August 15, 2013
It was John Steinbeck, in “The Grapes of Wrath,” who most effectively turned the Depression into a myth — a clash of light and darkness in which the selfless poor do battle with the heartless rich. (Illustration by Michael Willis | OPED by Adam Kirsch)

It was John Steinbeck, in “The Grapes of Wrath,” who most effectively turned the Depression into a myth — a clash of light and darkness in which the selfless poor do battle with the heartless rich. (Illustration by Michael Willis | OPED by Adam Kirsch)

August 14, 2013
The first task of a writer aiming to bring poverty out of the shadows, then, is simply to remind prosperous Americans that the poor exist… No writer has ever committed himself more fully to this task than James Agee, in “Let Us Now Praise Famous Men.” (Illustration by Michael Willis | OPED by Adam Kirsch)

The first task of a writer aiming to bring poverty out of the shadows, then, is simply to remind prosperous Americans that the poor exist… No writer has ever committed himself more fully to this task than James Agee, in “Let Us Now Praise Famous Men.” (Illustration by Michael Willis | OPED by Adam Kirsch)

August 13, 2013
More than a work of reportage, “The American Jitters” is, as its title suggests, a document of a mood — the combination of terror and excitement that occurs when a nation hits bottom and revolutionary change seems inevitable. (Illustration by Michael Willis | OPED by Adam Kirsch)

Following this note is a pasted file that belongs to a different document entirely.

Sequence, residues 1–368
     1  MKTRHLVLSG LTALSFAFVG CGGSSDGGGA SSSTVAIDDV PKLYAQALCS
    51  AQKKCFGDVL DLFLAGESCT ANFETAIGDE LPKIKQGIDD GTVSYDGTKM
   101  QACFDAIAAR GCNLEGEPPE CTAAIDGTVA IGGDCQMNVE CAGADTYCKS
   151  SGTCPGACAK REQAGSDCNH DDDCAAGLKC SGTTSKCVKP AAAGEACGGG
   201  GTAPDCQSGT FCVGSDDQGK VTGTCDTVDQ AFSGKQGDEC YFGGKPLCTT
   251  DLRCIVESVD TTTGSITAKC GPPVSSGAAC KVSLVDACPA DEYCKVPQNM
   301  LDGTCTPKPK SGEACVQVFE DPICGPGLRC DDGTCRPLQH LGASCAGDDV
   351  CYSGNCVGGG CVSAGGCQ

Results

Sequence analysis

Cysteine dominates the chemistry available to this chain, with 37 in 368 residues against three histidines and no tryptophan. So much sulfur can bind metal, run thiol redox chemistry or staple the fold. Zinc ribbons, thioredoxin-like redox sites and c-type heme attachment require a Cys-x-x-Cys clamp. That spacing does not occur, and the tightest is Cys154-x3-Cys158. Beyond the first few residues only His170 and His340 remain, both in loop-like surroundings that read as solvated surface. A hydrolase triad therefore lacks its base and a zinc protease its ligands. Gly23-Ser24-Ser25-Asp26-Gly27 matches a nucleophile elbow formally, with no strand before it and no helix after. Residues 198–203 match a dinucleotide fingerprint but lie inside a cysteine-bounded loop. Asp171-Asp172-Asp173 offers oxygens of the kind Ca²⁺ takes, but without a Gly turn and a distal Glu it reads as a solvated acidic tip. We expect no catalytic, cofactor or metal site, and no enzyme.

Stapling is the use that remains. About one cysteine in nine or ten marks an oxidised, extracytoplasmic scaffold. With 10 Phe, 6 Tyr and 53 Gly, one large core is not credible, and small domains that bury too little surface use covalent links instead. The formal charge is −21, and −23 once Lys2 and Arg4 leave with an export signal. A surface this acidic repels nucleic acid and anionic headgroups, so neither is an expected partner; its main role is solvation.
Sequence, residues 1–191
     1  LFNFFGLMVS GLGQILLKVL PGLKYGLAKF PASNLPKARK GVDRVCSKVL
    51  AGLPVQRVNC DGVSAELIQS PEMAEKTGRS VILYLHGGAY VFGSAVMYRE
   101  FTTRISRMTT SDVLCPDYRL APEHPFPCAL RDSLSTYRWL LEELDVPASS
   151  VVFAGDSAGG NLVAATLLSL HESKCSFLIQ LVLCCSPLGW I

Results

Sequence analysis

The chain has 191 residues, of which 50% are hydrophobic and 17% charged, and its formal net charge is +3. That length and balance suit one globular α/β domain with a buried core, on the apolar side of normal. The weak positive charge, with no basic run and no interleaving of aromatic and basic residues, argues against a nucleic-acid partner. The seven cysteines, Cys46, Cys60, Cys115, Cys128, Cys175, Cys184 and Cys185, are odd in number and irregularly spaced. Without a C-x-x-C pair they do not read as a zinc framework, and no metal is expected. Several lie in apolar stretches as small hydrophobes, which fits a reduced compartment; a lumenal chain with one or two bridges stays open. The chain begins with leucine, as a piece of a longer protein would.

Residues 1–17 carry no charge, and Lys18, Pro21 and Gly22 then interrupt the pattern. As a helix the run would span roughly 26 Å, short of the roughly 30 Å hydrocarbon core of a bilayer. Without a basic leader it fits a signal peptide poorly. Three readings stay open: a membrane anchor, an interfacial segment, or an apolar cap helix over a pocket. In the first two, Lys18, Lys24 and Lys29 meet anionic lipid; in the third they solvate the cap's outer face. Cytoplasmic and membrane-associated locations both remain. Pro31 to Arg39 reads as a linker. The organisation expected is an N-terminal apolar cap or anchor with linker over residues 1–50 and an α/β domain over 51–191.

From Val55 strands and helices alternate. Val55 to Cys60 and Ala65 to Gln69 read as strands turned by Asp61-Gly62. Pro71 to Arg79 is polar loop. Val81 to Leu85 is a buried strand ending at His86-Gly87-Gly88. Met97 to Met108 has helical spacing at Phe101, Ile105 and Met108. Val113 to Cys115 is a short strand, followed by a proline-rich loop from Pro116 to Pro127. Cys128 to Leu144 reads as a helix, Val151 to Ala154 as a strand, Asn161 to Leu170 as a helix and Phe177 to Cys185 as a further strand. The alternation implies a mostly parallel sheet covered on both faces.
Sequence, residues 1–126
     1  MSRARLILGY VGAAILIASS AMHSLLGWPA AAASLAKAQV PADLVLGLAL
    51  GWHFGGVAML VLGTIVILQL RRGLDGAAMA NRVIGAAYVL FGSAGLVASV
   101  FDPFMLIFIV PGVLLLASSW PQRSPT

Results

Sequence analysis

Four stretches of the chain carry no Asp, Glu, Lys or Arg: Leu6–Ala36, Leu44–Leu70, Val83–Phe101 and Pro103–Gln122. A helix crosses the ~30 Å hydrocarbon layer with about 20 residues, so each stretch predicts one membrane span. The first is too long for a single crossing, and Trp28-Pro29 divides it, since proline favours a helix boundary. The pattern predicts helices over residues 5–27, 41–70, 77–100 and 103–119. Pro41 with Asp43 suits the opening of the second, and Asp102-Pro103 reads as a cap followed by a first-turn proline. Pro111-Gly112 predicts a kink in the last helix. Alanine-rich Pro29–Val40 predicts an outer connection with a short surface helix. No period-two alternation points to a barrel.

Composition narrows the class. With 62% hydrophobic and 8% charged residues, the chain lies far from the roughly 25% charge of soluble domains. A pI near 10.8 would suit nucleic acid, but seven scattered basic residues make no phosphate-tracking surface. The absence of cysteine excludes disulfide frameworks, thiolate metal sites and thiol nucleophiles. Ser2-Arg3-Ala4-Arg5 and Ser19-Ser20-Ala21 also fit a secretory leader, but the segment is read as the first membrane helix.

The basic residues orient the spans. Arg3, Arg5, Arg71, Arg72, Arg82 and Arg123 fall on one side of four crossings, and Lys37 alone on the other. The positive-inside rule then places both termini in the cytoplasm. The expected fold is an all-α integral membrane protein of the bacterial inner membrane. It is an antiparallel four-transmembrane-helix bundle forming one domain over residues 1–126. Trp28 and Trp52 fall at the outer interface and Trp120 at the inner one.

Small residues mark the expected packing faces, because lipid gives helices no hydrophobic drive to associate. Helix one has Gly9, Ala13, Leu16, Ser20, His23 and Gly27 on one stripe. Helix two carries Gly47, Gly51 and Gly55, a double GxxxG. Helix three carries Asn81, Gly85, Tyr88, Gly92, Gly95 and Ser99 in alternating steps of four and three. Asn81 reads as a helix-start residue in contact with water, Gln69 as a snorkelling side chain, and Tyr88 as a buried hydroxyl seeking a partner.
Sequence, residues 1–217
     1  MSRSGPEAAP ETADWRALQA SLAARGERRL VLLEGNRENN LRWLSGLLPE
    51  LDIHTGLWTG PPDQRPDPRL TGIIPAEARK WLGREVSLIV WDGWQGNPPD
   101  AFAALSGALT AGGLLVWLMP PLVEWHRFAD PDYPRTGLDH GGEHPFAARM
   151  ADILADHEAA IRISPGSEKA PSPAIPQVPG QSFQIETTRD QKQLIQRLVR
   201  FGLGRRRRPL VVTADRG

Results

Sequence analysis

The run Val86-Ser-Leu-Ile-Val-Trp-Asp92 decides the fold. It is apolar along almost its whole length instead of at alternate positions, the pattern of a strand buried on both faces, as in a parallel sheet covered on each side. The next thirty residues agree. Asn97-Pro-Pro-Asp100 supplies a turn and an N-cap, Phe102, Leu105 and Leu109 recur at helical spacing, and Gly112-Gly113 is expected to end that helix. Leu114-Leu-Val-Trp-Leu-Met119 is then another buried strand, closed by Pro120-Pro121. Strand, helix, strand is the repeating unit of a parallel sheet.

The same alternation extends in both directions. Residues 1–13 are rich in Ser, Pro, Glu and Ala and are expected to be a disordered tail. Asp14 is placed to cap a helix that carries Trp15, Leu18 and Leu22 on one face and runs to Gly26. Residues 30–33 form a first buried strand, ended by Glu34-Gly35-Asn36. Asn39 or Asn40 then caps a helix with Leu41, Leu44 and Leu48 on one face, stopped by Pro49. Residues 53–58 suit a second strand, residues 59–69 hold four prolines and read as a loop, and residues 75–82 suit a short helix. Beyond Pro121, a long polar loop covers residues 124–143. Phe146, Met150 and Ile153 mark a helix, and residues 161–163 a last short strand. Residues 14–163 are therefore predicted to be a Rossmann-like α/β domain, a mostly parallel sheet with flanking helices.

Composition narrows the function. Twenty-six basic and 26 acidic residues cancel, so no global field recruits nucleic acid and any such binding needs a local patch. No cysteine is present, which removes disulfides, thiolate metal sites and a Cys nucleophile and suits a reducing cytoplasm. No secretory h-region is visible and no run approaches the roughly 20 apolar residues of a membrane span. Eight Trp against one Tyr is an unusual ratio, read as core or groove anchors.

More than a work of reportage, “The American Jitters” is, as its title suggests, a document of a mood — the combination of terror and excitement that occurs when a nation hits bottom and revolutionary change seems inevitable. (Illustration by Michael Willis | OPED by Adam Kirsch

August 12, 2013
No novel does more to crystallize that dark view of pre-crash America than John Dos Passos’s “The Big Money,” published in 1936, the seventh year of the Depression. (Illustration by Michael Willis | OPED by Adam Kirsch) 

No novel does more to crystallize that dark view of pre-crash America than John Dos Passos’s “The Big Money,” published in 1936, the seventh year of the Depression. (Illustration by Michael Willis | OPED by Adam Kirsch

April 12, 2013
North Koreans should not be subjected to syrupy propaganda and anti-communist harangues. They should be exposed to the modern world, with all its complexity and uncertainty. (Illustration by Michael Willis | OPED by Andrei Lankov)

North Koreans should not be subjected to syrupy propaganda and anti-communist harangues. They should be exposed to the modern world, with all its complexity and uncertainty. (Illustration by Michael Willis | OPED by Andrei Lankov)

April 11, 2013
From time to time, newspapers shower readers with predictions of a looming mass starvation in North Korea, usually in springtime. The predictions come every year, but famine does not. (Illustration by Michael Willis | OPED by Andrei Lankov)

From time to time, newspapers shower readers with predictions of a looming mass starvation in North Korea, usually in springtime. The predictions come every year, but famine does not. (Illustration by Michael Willis | OPED by Andrei Lankov)

April 10, 2013